Supermodels in this day and age are as well known for the runway walks as they are for their environmental concern and activism. 90’s supermodel Amber Valletta is just one of the catwalk creatures who is involved with the efforts and initiatives of Oceana. Like Valletta, swimwear model, three time Miss Peru, and Miss Indigenous Americas titleholder Mischaela Elkins is of Native American heritage and devotes her time to championing causes with the Oceana organization and ocean conservation causes.
One of her most recent campaigns is a lovingly written petition asking Victoria’s Secret to consolidate their retail footprint the environmentally friendly way and recycle and dispose of product lines at closed and shuttered retail locations in ways that are kind to the ocean. A long time fan of the brand, and Victoria’s Secret Black Card holder, Mischaela has no ill will towards the brand and cites her participation in the Victoria’s Secret “Bombshell Because” beauty campaign and history with the famed retailer as evidence of her respect for their corporate history of learning to do better through thoughtful reworking of their operations and sourcing.
As fate would have it, Mischaela nearly participated in the Victoria’s Secret “Make Me An Angel” model casting in 2009 but couldn’t attend the castings due to a schedule conflict with other modeling work as well as a brand embargo by a competitor. Credited as one of the few Indigenous supermodels and the Season 14 Winner of the Top Model Peru distinction, Mischaela has worked with Vera Wang, Cle de Peau, Intimissimi, and Paloma Blanca in the fashion and beauty sphere and served as a brand ambassador and model for Luli Fama, Agua Bendita,Vizcaya Swimwear, and Beach Bunny Swimwear as a luxury swimwear model among other credits. She’s appeared in Vogue Italia, Lucky, Glamour, and Vanity Fair and worked with top fashion photographers and VOGUE staples Scott Schuman, Kirsten Miccoli, and Blake Martin.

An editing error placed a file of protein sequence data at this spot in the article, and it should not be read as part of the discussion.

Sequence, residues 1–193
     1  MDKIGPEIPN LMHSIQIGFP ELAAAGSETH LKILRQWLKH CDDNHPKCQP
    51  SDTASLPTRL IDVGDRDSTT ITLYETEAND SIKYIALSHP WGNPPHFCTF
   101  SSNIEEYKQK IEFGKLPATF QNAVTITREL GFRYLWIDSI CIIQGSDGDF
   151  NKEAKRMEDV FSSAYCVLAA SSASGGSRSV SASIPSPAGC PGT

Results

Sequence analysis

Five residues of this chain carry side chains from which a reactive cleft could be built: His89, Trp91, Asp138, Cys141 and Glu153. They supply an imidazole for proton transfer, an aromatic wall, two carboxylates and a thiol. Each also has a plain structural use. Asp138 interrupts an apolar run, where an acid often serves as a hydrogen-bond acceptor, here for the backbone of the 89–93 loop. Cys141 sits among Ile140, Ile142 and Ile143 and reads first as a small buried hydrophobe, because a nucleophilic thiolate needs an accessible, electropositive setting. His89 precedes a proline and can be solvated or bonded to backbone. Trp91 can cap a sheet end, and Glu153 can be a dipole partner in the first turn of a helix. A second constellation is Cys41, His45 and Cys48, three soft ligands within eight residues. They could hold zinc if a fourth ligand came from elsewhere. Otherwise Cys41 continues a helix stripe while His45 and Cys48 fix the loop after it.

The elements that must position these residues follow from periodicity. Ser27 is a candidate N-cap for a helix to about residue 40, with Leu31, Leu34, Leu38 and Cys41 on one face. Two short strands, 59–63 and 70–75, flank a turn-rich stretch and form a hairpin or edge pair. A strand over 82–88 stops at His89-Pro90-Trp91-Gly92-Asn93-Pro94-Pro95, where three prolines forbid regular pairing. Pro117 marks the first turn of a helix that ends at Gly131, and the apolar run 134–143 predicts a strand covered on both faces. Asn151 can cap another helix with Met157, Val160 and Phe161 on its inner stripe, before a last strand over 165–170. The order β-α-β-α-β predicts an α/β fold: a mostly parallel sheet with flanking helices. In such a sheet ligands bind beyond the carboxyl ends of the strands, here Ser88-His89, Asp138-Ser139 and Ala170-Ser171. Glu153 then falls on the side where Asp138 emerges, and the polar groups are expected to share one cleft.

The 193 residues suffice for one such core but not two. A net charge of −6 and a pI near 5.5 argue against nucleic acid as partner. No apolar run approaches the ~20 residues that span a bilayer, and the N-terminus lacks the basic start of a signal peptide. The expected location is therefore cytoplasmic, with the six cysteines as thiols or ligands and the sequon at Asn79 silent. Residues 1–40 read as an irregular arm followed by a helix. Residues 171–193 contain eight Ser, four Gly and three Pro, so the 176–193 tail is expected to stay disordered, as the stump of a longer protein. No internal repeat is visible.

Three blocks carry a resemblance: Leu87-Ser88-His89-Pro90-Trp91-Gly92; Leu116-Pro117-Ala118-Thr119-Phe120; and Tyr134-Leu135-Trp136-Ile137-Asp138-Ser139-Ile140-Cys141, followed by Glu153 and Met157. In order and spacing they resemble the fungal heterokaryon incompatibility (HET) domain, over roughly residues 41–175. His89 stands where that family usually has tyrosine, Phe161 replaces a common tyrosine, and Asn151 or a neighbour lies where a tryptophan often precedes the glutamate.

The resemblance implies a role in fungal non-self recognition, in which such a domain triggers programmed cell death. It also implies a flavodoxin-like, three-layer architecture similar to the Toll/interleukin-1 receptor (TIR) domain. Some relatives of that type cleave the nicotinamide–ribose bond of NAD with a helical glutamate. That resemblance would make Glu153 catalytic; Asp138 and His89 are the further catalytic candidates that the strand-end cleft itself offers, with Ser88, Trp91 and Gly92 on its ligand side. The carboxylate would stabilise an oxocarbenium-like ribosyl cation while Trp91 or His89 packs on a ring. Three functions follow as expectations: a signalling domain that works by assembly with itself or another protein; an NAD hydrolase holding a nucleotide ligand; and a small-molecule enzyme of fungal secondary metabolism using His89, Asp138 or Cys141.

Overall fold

Following in the footsteps of her role model Irina Shayk, Mischaela has leveraged beauty pageants to great effect as a swimwear model. Irina Shayk was Miss Chelyabinsk 2004, and also modeled for Luli Fama, Agua Bendita, and Beach Bunny Swimwear. Along with Irina, Mischaela counts “A Bikini A Day” creator Natasha Oakley as a role model and inspiration due to Natasha’s ability to create multiple business lines as a model and leverage social media to create the modeling niche of her dreams. Natasha and Mischaela are both brand ambassadors for La Mer and its Blue Heart Ocean Fund initiative respectively.
No stranger to environmental activism, Mischaela has a range of environmental awareness and conservation projects under her belt. The three time Miss Peru’s most ambitious project yet is her effort with Oceana to petition the Peruvian Government to create and maintain the Nazca Ridge Marine Protected Area. This Protected Area’s purpose is to ensure balance is maintained for the marine ecosystem in and around the outlined area; a space that is home to hundreds of species found nowhere else such as the goblin shark and other ultra-deep water marine species.
To promote the petition and effort and capitalize on her signature runway walk she has kicked off the “Tiburon Walk Challenge”. A challenge aimed at gaining more signatures for the petition of the creation of the Nazca Protected Area by prompting friends and followers to strut their stuff adopting Mischaela’s signature “Tiburon Walk”. It is not uncommon for beauty pageant contestants at the international level to have a signature walk; Shamcey Supsup of the Philippines worked her “Tsunami Walk”, Miss Universe 2018 Catriona Gray leveraged her “Lava Walk, and Janine Togonon is synonymous with the “Cobra Walk”. Unsurprisingly, Mischaela has elected to use her platform to promote ocean activism and conservation through a campaign centered around her runway walk all too appropriately named after the “tiburon” or “shark” in Spanish – one of the most graceful but powerful and focused creatures of the deep. The name seems all too fitting for a model with an almost singular focus on the fate of the ocean and its beautiful inhabitants.